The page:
I found the following 'needs'.

  • Save the found filenames in a temporary file

    When I used the 'CountFilenames' and 'ShowFilenames' and 'LaunchPlayerJob' buttons with the same 'find' criteria, the same long 'find' search would have to be repeated --- unnecessarily.

    I needed to save the 'found-filenames' in an output file, and work off of that list of files when the 'find' criteria had not been changed by the user.

  • Progress indicator

    On a long 'find' search, a 'progress indicator' was needed to let the user know if the 'find' command was doing its job --- and to let the user know how far/fast the search was proceeding.

    Similarly, a 'progress indicator' was needed to let the user know which 'found-media-file' was being shown when hundreds of media files were being played.

To handle these needs, I made the following changes to the 3 scripts.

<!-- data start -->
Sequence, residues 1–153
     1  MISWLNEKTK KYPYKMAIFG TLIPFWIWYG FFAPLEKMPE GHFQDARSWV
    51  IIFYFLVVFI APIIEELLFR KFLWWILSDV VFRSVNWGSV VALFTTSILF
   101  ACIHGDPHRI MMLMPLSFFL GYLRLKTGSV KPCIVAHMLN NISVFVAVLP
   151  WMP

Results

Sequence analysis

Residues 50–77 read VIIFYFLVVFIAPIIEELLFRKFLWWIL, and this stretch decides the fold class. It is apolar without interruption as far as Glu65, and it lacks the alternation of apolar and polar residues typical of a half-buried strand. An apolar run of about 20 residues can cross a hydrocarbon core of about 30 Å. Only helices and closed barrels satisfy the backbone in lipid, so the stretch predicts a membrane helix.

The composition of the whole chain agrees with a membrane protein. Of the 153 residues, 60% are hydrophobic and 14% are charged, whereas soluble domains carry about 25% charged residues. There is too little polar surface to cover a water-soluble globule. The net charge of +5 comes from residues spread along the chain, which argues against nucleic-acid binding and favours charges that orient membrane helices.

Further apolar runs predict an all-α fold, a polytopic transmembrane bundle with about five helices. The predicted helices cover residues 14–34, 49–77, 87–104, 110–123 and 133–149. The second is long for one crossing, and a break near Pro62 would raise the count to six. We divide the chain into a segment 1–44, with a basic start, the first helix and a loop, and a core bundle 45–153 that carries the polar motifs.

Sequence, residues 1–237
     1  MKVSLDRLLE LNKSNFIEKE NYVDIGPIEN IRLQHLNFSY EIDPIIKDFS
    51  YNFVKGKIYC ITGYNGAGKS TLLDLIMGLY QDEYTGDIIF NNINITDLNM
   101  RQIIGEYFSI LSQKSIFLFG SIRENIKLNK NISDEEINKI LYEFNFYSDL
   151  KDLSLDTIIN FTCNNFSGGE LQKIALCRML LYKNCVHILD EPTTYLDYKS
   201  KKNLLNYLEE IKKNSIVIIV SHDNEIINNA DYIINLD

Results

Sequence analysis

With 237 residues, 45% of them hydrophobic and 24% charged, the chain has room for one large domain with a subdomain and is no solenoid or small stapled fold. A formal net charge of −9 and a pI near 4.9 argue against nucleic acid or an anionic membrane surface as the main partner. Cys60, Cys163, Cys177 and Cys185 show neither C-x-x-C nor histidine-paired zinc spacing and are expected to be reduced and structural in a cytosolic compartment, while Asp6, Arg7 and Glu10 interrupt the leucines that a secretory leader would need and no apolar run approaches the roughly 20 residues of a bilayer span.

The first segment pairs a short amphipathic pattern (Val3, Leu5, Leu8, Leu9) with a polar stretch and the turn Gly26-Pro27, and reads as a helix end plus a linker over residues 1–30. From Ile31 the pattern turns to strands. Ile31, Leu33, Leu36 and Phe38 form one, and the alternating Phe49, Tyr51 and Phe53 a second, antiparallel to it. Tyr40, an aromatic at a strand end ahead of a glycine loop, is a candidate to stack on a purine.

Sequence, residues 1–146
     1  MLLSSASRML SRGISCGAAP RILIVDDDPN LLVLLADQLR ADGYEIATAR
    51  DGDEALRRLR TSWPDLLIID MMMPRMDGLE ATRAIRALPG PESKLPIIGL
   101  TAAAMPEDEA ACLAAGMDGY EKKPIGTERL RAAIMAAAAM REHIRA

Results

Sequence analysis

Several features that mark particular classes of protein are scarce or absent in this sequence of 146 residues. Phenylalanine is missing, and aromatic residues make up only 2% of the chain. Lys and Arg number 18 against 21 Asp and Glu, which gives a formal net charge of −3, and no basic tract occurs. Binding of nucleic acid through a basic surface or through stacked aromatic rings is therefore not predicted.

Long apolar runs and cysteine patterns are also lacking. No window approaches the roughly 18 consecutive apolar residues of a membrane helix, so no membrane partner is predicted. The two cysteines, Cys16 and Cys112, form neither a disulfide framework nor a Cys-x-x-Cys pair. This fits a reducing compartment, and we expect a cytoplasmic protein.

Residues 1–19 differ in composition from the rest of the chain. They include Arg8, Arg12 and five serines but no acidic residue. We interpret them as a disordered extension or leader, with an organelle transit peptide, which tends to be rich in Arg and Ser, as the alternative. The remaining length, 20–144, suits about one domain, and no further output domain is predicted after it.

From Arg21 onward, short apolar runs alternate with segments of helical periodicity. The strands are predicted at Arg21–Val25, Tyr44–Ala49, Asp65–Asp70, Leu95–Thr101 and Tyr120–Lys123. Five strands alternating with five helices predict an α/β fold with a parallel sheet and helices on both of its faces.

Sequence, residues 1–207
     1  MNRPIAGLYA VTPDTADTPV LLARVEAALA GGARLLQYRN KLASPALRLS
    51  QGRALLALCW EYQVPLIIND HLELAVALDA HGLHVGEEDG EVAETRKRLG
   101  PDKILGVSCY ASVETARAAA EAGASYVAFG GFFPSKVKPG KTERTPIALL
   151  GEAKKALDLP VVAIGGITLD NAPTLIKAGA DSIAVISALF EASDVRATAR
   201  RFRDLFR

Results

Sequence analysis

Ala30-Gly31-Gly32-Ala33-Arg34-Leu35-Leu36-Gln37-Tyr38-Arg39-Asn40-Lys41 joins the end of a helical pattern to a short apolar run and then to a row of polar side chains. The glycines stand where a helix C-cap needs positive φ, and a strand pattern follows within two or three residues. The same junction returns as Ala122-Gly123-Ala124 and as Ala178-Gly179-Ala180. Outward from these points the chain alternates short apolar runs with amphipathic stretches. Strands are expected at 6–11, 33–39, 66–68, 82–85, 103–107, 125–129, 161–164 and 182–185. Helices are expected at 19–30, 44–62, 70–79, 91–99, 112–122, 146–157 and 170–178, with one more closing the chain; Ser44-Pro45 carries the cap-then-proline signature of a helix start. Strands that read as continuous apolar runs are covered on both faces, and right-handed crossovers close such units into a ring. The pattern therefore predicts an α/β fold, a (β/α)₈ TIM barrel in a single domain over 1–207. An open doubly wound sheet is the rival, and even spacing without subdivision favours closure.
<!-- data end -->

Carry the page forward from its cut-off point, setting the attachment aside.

• ***
    In the Tk script, set the filename of a temporary file to be used to hold the names of image files found by the 'find' search --- in variable 'outFILE'.

  • ***
    In the Tk script, added 'PREV' variables to be used to hold about 8 previous 'find' search criteria --- from widgets on the GUI --- to be used to indicate when the user has changed a 'find' criterion.

  • ***
    In the Tk script, added a proc called 'check_for_criterion_change' --- to determine if a criterion variable has been changed by the user.

  • ***
    In the Tk script, replaced the 'getFiles_andCountListOrPlay.sh' shell script --- that had 'count', 'print', and 'play' sections --- by a 'findMediaFiles_forCriteria.sh' shell script that performs just the 'find' search and puts the found-files in a temporary '$outFILE' file --- only if one of the 'find' search criteria was changed by the user.

  • ***
    Made the 'findMediaFiles_forCriteria.sh' shell script from the previous (old) 'getFiles_andCountListOrPlay.sh' shell script.

    Changed the arguments passed to the shell script to be just the 'find' search criteria variables (the media-player variables are not needed).